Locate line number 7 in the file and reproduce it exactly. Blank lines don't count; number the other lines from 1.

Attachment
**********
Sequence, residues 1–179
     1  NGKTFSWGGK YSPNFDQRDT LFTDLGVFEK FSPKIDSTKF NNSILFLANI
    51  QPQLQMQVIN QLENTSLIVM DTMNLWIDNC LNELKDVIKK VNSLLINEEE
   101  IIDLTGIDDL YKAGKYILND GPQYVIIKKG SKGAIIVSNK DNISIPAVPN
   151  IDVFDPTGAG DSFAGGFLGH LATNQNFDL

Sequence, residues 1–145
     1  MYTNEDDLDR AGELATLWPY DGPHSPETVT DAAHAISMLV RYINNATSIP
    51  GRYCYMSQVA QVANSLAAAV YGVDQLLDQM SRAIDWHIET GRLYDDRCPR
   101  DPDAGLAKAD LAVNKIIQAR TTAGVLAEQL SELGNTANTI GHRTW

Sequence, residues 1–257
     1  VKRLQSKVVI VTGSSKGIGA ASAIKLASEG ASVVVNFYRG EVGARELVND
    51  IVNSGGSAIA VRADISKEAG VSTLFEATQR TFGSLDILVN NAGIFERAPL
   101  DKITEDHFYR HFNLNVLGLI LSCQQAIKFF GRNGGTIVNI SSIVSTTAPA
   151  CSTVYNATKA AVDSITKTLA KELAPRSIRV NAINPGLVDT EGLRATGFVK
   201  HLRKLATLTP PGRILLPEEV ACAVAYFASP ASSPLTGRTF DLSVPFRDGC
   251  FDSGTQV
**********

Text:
     1  MYTNEDDLDR AGELATLWPY DGPHSPETVT DAAHAISMLV RYINNATSIP